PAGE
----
The hooded parrot is a medium-sized parrot found in Australia’s Northern Territory. It lives in savannah and open woodland and is one of only two species of parrot (along with the golden-shouldered parrot) that breeds in termite mounds. It is uncommon in aviculture, partly due to its sometimes aggressive nature which makes it unsuitable for mixed collections.
Housing & Compatibility
Hooded parrots are somewhat aggressive birds that should only housed as single breeding pairs. Double wiring between adjacent aviaries is essential. Particularly aggressive pairs housed next to each other may need to be separated by a solid wall to control territorial behavior.
Hooded parrots should be provided with an adequate amount of flying space to ensure they receive sufficient exercise. Birds that do not have room to fly may suffer from stress or obesity. They require a minimum of two meters of uninterrupted flying space.
Branches from non-toxic trees should be provided as natural perches. The birds will also enjoy chewing on bark, leaves and seeds for entertainment and beak exercise. Hooded parrots generally will not damage timber aviary frames.
To avoid producing hybrid birds that damage the limited captive gene pool of each distinct species, the hooded parrot must not be housed with the golden-shouldered parrot.
Diet & Feeding
Seed forms the basis of the hooded parrot’s diet. A quality mix designed for small parrots or lovebirds will be acceptable. Hooded parrots also require a wide variety of fruit and vegetables to ensure good health. Leafy greens such as kale, endive, and silverbeet should also be offered.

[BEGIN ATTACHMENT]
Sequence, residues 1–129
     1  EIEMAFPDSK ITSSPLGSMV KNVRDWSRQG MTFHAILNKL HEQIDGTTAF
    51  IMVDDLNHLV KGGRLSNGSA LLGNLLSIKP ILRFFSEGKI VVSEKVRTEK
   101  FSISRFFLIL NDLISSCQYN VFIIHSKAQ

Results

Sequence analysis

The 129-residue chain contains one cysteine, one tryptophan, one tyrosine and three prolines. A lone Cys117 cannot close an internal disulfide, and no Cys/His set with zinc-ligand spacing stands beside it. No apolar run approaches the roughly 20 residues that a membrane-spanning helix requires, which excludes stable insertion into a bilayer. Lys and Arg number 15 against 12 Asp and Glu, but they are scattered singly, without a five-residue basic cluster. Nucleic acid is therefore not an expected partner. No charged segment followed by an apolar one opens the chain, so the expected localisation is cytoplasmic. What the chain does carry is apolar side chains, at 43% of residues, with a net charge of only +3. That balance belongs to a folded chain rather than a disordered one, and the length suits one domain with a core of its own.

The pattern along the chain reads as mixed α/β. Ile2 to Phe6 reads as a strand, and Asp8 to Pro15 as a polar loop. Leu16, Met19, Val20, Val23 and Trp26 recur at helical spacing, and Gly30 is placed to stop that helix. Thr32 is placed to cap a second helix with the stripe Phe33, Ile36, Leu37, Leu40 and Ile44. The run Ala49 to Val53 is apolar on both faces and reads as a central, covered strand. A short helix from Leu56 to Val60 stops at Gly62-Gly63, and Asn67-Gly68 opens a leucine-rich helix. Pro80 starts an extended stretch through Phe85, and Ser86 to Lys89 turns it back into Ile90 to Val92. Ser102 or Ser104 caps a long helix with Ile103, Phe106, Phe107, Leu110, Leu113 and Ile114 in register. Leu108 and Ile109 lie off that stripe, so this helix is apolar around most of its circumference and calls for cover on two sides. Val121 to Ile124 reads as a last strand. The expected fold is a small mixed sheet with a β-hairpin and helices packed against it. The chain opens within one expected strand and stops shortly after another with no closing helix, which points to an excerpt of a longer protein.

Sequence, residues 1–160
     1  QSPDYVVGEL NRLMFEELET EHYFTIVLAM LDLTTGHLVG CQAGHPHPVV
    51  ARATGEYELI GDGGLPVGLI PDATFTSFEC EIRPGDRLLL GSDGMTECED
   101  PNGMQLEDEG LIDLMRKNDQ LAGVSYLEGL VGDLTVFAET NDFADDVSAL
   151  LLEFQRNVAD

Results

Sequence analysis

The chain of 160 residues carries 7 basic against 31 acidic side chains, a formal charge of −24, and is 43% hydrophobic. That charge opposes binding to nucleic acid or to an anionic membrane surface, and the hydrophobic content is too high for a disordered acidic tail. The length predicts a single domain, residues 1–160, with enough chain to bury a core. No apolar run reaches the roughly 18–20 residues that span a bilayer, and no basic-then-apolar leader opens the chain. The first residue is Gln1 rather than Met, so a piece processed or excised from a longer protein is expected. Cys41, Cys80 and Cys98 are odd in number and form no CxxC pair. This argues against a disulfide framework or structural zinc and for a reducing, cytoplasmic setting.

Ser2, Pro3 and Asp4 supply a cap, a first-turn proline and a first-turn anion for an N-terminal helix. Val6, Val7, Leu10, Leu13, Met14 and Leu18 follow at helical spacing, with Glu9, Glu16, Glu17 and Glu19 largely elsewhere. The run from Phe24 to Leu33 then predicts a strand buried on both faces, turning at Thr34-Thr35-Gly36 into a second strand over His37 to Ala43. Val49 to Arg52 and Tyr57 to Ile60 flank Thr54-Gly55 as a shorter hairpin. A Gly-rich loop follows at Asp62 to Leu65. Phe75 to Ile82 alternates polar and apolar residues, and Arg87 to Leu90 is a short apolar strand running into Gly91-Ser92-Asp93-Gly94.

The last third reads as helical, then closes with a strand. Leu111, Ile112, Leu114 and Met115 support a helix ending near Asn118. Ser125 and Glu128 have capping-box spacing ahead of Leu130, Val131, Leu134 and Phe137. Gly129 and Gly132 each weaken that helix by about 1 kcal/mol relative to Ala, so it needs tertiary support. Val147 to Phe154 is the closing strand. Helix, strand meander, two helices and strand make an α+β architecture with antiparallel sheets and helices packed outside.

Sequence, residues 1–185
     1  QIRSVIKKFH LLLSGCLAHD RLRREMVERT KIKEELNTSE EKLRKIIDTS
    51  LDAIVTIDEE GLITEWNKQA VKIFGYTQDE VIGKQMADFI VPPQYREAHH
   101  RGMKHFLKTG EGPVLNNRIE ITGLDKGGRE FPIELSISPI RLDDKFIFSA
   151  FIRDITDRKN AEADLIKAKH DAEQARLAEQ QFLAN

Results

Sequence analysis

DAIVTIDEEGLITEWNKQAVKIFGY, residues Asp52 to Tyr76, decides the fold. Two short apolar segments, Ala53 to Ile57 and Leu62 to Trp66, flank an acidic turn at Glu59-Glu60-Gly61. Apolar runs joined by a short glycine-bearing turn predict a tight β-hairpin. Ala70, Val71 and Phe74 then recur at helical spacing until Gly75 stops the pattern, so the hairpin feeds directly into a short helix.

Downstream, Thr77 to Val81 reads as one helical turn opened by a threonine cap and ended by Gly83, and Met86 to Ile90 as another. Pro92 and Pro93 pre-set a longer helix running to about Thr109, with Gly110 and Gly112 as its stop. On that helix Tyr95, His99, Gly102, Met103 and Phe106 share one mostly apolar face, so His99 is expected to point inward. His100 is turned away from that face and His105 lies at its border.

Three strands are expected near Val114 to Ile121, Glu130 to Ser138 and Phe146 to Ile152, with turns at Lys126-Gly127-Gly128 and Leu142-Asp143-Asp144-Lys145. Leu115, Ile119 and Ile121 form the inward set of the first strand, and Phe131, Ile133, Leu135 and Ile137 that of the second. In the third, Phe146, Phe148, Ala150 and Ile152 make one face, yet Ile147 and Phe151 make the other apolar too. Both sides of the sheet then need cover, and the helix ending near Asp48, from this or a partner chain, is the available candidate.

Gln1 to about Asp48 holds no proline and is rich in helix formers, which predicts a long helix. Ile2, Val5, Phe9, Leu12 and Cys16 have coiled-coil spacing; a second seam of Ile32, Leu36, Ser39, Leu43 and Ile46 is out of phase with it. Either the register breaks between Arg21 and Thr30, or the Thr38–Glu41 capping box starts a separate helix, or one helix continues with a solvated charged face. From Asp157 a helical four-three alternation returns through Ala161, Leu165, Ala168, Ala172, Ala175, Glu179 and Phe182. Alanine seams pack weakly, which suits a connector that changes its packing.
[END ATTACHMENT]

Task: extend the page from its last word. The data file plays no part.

Pellets can be offered as a more nutritious alternative to seed, however many birds are unwilling to consume them.
Hooded parrots particularly enjoy eating flowers and seed pods from native trees, especially those in the eucalyptus family.
Hooded parrots will breed in spring and autumn, typically raising one clutch in each breeding season. Each clutch will contain between 3 and six eggs.
Despite breeding in termite mounds in the wild, captive hooded parrots have adapted to use medium-sized commercial nesting boxes or hollow logs lined with sawdust. Some breeders prefer to better emulate their natural breeding sites by added a tunnel to the opening of the nest box, and lining it with clay and sand.
Originating from Australia’s warm tropics, hooded parrots are poorly suited to breeding in the cooler climates found in Australia’s southern states, or in North America and Europe. It may be necessary to insulate the aviary or heat the nest box to improve breeding success in colder months.
Incubation is performed exclusively by the hen and lasts for roughly three weeks. Young birds will fledge at 4-5 weeks of age and become fully independent from their parents 2-3 weeks later. Young birds should be separated from their parents when they reach maturity to avoid aggression from a parent.
Easy to visually sex, with only males possessing the vivid turquoise chest. Females are much duller in colour. Juveniles of both sexes resemble the female until they reach maturity.
Many mutations have been observed, although only a handful have been properly established in aviculture. Yellow, fawn, olive, and blue (in descending order of rarity) can often be purchased through dealers and specialist breeders.
A strict worm control regime and regular preventative treatment for bacterial and fungal infections is critical to ensure the long-term health of any bird.
A well cared for hooded parrot will live for 15-20 years.